Well of course, it goes without saying that you have to be able to play well. But you also have to be able to play appropriately. And you have to be able to play consistently. For a moment, think about the concept of being “hirable”. In a planet with thousands and thousands of drummers, what can make you stand out? How can you be considered “valuable”? What would make someone say, “I want that specific guy in my band”, or “I want that specific girl to play on my record”, or “I think this person would be a good choice for our upcoming tour”? Put yourself in the employers shoes for a moment. If you were a singer, or a band leader, or a manager, or a producer, what qualities would you look for? Good time? of course. Decent gear? check. Gets along with others? yep. Creative? bingo. Doesn’t get arrested? absolutely. Communicates well without throwing temper tantrums? sure. Excellent memory skills? bonus. Precision? yes. Can play with a click? done. Knows electronics? uh huh. Has a look (any look at all)? cool. Can be a showman if necessary, but won’t overdo it? perfect.
And yes, a good attitude is practically essential because as studio and touring musicians, we spend countless hours of spare time hanging out with one another. Dressing rooms, tour buses, airports, hotels, soundchecks. Funny, easy-going people just make the day better. The squeaky wheel does not always get the grease. More often then not, it gets replaced.
— After so many years, and material that’s pretty set, how do you keep your playing fresh without resorting to showy stuff to entertain yourself or your bandmates? Is there ever any room for that?
Well I have to admit, soundchecks do get a bit wacky with the alternate versions and the extended jam sessions. But apart from that, I make sure to schedule time to practice, either on stage after soundcheck, or backstage on a drum pad (and kick practice pad too), or even on off days at a rental rehearsal space. Plus during the actual show, I focus on concepts like: technique, time, subdivisions, vocabulary, posture. It might not seem like it from the outside, but I do play the show slightly differently each night; new fills, added ghost notes, different accents, various grips, improved kick pedal techniques. But, I make sure that the people in charge do not notice a difference from their perspective. Yes, you can practice on a gig. Just don’t sound like you are practicing on a gig!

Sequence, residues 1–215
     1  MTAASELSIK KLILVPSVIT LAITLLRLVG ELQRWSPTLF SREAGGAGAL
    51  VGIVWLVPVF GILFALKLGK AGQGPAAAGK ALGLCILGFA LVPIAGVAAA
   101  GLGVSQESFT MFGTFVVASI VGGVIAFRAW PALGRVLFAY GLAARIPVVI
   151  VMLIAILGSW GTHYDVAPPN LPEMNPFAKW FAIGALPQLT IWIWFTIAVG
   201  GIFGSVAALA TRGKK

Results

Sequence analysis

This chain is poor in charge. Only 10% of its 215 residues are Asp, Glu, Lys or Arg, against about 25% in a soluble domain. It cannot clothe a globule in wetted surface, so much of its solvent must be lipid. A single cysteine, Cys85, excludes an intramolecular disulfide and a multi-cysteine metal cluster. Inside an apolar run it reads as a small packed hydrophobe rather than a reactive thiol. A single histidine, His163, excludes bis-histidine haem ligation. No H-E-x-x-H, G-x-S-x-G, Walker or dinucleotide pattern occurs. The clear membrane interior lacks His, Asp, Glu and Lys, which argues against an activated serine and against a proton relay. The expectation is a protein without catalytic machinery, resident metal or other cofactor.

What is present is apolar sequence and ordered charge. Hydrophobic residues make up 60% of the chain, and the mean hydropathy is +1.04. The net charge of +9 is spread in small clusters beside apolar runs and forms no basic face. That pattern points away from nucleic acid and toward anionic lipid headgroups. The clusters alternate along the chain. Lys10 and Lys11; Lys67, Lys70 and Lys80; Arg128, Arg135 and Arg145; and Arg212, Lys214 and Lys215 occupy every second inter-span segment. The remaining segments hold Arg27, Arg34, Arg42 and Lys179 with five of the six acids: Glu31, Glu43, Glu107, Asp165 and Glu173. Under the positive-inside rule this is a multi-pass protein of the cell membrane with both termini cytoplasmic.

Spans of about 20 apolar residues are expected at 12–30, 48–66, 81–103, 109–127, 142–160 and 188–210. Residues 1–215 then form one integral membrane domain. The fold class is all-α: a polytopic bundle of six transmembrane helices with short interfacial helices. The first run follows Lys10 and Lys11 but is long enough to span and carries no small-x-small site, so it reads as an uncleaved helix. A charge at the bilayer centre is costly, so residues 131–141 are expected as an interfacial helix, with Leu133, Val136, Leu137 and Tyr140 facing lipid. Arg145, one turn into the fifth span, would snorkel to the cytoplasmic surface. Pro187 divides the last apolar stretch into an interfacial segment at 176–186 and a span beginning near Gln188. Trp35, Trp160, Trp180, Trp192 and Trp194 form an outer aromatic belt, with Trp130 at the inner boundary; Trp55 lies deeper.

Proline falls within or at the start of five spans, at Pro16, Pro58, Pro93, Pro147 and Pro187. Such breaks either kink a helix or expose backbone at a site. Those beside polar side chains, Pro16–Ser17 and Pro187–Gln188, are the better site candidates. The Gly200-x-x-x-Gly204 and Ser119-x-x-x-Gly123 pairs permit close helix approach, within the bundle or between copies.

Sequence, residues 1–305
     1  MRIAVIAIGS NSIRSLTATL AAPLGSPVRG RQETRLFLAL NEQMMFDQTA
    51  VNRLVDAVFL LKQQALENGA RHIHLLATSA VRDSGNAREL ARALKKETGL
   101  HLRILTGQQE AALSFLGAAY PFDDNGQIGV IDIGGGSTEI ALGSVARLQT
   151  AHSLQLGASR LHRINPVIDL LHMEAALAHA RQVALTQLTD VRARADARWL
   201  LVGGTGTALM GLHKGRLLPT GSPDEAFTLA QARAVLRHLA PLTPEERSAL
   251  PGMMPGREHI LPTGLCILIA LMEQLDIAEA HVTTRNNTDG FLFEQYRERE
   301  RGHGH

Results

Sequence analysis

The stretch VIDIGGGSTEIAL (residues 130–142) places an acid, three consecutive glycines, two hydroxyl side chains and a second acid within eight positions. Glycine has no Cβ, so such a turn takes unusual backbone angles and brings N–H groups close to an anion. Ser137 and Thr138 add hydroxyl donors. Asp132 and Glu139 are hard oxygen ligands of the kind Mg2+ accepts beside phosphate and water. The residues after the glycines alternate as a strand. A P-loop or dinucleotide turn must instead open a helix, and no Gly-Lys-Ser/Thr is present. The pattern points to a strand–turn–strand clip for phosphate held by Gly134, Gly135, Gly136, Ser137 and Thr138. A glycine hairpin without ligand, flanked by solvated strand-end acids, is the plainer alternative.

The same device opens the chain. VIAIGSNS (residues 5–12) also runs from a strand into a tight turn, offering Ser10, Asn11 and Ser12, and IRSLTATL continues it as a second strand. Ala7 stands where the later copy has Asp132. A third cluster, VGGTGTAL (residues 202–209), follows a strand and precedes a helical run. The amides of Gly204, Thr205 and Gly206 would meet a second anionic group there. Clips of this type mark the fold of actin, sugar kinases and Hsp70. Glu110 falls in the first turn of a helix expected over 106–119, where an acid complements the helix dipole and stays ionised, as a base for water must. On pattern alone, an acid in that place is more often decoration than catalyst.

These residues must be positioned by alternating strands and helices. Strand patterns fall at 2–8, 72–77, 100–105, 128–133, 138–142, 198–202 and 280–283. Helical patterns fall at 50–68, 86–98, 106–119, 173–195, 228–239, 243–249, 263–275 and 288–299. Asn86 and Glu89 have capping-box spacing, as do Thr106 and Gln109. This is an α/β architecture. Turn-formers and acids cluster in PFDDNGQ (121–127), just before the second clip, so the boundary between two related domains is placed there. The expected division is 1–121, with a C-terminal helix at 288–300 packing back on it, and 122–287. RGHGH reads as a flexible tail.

— You’ve seen quite a bit of change with gear and the technical side of your kit. How have you navigated that world?
I do my best to stay hip to the new innovations in the percussion world, especially from my endorsement companies (DW, Sabian, Remo, Vic Firth, Roland, LP, etc). I like to know what inventions have come out every year, and what each new thing does and does not do.
But most of my kit designs actually come from brainstorming sessions with the artists and musical directors. We normally discuss how they want to approach each arrangement for a song. What will be played acoustically? Drumset, or maybe some percussion? What will be sampled and triggered electronically? What loops will be left in the computer sequences? Then, we design a stage setup that will be both functional and fun; sonically, visually, emotionally. I go through the same process with almost every artist with whom I work.
— Can you suggest the use of different sounds, either electronically or acoustically? Do you take Shakira’s or someone else’s direction well if they suggest alternate sounds?